MASTER LEE: When I was living in South America a few years ago I ran into two black robbers. I chased them away by kicking them in the private spot. But if they had weapons it would have been hard. Luckily for me they didn’t. 
I myself am not of the personality who likes random fighting, so whenever someone tries to provoke me I usually apologize first to avoid a fight. Most situations there is almost no chance for me to get into a fight. People in Korea say that maybe it’s because I have quite a huge physique and my fierce looks. 
When I was a martial art athlete I had a lot of fights myself and most of the time Taekwondo had been a great help. Recently, I had trained a few martial art athletes and had sent them to participate in matches.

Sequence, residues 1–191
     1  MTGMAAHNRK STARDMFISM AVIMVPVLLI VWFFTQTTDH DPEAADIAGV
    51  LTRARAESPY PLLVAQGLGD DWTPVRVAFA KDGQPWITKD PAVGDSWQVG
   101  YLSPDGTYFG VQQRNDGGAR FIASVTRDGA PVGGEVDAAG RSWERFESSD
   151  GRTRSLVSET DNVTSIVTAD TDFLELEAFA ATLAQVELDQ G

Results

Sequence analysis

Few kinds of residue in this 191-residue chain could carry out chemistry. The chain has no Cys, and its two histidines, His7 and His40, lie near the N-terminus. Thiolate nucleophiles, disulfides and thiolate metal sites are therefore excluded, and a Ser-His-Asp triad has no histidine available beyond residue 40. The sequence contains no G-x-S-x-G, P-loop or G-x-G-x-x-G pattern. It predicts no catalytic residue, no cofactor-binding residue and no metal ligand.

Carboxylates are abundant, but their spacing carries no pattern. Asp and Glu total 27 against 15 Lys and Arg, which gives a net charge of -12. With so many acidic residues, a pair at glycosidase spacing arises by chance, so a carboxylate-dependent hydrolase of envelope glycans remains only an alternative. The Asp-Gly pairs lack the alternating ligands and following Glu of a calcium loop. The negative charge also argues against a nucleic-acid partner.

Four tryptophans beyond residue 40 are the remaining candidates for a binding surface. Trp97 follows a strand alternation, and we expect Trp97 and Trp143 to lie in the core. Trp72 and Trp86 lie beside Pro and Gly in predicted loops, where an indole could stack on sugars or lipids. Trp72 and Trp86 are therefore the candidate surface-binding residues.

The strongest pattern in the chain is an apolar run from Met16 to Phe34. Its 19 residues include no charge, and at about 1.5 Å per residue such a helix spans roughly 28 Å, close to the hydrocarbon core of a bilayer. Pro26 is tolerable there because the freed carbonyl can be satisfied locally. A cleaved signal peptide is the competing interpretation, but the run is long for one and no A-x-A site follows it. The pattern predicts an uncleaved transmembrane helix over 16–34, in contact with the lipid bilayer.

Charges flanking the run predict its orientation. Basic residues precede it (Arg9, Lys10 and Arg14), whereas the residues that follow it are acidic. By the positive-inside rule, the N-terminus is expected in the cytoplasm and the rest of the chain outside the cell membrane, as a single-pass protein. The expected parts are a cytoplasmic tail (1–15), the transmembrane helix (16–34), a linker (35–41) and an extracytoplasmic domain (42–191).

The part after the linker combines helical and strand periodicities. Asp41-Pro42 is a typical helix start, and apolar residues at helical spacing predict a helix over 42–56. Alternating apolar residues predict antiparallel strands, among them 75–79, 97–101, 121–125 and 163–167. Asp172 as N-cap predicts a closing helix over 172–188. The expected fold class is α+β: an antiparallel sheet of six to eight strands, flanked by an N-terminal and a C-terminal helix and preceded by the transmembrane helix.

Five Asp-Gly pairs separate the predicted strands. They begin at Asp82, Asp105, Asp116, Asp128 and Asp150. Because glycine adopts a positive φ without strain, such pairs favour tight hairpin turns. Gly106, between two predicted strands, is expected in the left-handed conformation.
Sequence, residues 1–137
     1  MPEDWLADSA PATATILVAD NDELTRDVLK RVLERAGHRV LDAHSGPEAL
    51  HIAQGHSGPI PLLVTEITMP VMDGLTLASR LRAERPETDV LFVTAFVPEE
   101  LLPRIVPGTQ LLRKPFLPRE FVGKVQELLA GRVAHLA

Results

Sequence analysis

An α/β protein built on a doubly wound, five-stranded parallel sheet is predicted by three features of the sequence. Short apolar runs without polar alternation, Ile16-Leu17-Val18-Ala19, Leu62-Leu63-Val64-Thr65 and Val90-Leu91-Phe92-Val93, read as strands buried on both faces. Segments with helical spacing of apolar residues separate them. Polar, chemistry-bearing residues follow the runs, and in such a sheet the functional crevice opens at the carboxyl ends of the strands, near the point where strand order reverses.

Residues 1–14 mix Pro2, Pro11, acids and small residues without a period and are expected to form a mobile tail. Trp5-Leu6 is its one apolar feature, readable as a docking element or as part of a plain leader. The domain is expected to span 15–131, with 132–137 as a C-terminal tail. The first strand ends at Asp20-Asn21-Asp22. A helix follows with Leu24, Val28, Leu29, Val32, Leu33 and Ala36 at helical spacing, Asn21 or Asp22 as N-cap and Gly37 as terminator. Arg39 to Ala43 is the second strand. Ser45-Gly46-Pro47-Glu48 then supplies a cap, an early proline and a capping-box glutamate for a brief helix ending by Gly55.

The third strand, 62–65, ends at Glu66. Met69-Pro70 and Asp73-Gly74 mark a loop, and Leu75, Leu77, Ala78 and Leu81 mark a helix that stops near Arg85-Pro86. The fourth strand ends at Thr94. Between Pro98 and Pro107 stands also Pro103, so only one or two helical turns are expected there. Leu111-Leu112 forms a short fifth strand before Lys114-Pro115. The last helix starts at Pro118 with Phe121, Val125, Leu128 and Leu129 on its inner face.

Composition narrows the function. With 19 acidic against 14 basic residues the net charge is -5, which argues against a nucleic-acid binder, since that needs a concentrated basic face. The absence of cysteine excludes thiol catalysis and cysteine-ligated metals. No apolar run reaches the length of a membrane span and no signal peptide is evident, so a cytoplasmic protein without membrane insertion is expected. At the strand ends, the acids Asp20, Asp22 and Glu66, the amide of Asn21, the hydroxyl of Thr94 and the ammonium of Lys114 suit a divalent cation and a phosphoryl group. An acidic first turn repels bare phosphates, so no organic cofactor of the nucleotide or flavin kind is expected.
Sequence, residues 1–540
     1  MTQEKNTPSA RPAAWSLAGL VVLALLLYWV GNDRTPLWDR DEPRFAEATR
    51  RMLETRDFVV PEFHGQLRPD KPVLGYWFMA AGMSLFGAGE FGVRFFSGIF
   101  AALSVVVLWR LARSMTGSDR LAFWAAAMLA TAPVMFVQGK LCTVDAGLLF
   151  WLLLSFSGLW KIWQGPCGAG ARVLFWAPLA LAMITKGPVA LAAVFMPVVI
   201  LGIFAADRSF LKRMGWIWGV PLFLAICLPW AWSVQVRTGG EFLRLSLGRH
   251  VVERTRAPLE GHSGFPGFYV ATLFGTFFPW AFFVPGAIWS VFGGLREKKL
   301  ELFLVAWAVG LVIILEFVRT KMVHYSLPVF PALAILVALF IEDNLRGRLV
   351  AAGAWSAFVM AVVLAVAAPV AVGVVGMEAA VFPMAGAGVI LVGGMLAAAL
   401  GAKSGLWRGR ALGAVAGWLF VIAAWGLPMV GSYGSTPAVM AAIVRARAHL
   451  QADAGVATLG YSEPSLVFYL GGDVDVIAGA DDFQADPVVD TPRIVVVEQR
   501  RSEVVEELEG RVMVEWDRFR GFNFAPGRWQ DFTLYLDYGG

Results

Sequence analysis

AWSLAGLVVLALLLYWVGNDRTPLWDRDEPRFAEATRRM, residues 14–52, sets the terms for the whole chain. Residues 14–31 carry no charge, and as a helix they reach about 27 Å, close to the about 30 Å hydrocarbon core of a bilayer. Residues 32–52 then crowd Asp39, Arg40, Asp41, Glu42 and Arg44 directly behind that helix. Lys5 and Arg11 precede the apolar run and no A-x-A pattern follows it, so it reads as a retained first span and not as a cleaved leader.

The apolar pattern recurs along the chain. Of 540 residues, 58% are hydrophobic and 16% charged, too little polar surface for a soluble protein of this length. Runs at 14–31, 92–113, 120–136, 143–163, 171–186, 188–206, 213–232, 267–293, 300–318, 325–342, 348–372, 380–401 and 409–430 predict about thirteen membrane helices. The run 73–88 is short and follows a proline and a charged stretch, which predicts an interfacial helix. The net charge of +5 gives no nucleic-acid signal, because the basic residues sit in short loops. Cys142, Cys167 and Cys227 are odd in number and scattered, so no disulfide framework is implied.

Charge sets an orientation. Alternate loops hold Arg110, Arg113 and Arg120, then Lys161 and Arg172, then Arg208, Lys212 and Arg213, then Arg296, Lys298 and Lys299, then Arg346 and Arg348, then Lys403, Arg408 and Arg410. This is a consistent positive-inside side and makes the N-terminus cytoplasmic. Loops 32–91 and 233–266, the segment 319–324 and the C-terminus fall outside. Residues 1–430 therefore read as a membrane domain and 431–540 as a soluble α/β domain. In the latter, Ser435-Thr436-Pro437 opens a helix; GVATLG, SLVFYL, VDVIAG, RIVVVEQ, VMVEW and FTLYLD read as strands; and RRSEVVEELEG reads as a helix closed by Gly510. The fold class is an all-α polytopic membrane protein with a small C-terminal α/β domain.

WHITE DRAGON: Why were you living in South America?

MASTER LEE: I was in Ecuador doing volunteer work for 2 years. I was teaching Taekwondo to the people there. 
 
WHITE DRAGON: Is taekwondo a dangerous system used for killing?

 

MASTER LEE: All martial arts contain the system for killing and giving great injuries to opponents. It is just as well with Taekwondo. Most people (including taekwondoin) don’t really know it, but deadly skills do exist in Taekwondo. However the purpose for all martial arts are not specifically for killing people, but defending yourself.

 

WHITE DRAGON: What was the Taekwondo scene like in Korea when you were growing up? How is training different today in most dojangs compared to then?